Uganda: Uganda Field Update | Aiding the most vulnerable South Sudanese refugees

Source: Handicap International – Humanity & Inclusion
Country: South Sudan, Uganda

Since the outbreak of civil war in South Sudan in 2013, Uganda has offered a place of safety to more than 1 million people fleeing the conflict since July 2017. More than 85% of the refugees are women and children. Meryll Patois, HI’s rehabilitation technical advisor in Uganda outlines the needs of South Sudanese refugees and the services that our teams are providing.

Caring for the most vulnerable

The needs are acute among South Sudanese refugees due to the type of conflict they're fleeing. HI is the first organization to provide this type of service—there are no other rehabilitation services in the camp. We can see the violence of the conflict on the bodies of our beneficiaries. Some people have suffered extreme violence and did not have access to any healthcare for a long time. They had to flee with their injuries, worsening the damage to their bodies.

Many of the people our teams are helping have fractures and injuries caused from shotguns. Many were attacked during the night and had to run away. Most of them have walked in very difficult conditions for days, without having access to any health services. We see a lot of beneficiaries who have unnecessary complications from simple injuries—these could have healed better if they were dealt with at an early stage. If a fracture is not treated right away, for example, it can lead to complications and long-term impairment.

Holistic approach

HI has an integrated approach, which sets our services apart. We take a holistic view of every beneficiary we meet. For example, a mother with a broken leg cannot walk. So she cannot go and buy food in the market, work, or take care of her children. She may also have psychological trauma. In this case, our team would provide her with rehabilitation support but also psychological and protection support, and refer her to other organizations so that she can have access to all of the services she needs.

Our team would also try to find out if there is a caretaker who could help a person with an injury or disability. If so, we would train each caretaker, so they know what to do to support their friend, neighbor, family member, etc. We find a lot of solidarity in the camps. Neighbors are supporting each other even if they only just met. We rely on these human links to make sure beneficiaries can get all the care they need.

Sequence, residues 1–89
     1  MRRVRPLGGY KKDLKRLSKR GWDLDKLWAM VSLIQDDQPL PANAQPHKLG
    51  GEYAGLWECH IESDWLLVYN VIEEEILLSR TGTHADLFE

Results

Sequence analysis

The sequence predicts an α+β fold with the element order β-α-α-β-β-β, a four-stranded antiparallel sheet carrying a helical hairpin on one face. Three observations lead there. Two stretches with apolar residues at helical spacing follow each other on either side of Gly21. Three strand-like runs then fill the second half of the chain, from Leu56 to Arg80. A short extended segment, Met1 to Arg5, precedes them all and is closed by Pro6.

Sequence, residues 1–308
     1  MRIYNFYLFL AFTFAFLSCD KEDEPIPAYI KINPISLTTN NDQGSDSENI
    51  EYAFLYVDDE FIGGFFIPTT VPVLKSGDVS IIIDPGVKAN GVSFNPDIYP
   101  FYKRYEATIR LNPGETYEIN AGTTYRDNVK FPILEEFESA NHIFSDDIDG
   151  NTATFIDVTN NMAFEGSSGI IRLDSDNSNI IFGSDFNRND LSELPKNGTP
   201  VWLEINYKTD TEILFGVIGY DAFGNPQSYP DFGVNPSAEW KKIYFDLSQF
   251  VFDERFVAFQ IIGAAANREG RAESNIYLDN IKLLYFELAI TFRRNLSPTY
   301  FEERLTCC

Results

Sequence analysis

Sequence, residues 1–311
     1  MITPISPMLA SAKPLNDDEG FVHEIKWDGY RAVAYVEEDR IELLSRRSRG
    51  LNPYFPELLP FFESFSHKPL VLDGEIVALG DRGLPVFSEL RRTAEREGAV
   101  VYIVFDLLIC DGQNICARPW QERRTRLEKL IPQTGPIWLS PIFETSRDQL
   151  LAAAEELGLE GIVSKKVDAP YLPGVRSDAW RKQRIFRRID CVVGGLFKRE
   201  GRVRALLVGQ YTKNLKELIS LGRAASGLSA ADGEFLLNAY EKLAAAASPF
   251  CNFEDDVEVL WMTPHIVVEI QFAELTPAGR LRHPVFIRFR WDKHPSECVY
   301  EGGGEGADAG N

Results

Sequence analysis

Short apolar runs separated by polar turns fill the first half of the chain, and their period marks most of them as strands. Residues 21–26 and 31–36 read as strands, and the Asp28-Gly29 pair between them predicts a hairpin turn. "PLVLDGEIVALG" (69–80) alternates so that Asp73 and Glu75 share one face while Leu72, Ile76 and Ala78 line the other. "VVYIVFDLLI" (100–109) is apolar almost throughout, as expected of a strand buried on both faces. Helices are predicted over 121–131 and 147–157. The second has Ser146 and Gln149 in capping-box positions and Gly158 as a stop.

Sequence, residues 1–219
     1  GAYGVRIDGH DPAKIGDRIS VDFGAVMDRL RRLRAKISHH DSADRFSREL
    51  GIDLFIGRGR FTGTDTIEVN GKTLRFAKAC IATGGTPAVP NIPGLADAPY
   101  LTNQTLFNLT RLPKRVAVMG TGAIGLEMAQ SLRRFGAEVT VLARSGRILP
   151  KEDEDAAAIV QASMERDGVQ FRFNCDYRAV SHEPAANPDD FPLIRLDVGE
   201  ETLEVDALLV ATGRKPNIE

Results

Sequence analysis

For example, one of our beneficiaries, Beatrice, is a 10-year-old, little girl whose legs are paralyzed due to complications from the Polio virus. She cannot walk. We will provide her with a wheelchair to go to school and we will also teach her mother how to support her daughter with physical therapy exercises.

Reaching and empowering the invisible

There is a huge injustice for people who cannot move around and don’t have access to the services they need because they cannot leave their shelter. HI is reaching these people who are often unintentionally excluded from humanitarian aid. Our role is to make sure that they receive the support they need. Sadly, there are still many in need of that support today.

HI has a fixed point in the camp for rehabilitation services, it's here that people can find us. We also have mobile teams of physical therapists, who reach individuals who are unable to leave their shelters. During a rehabilitation session, HI’s physical therapists work on movements to help the beneficiaries recover. If movement is not possible, HI’s team provides the beneficiaries with assistive devices such as crutches or wheelchairs to help improve their daily life.

We have a protection team that travels around the camp and identifies the most vulnerable people and their needs. We also rely on HI's community based volunteers, who are also refugees and know the community very well. Similarly, some beneficiaries are referred to us by other NGO partners such as Save the Children and the International Rescue Committee.

More about our work in Uganda

Present in the country since 2009, our teams helps victims of landmines and other explosive remnants of war to recover through physical rehabilitation, psychological support, and job training. Staff members also educate other Ugandans about the risks posed by these weapons. We are also conducting a census of people with disabilities, referring them to relevant services. Learn more about our work in Uganda.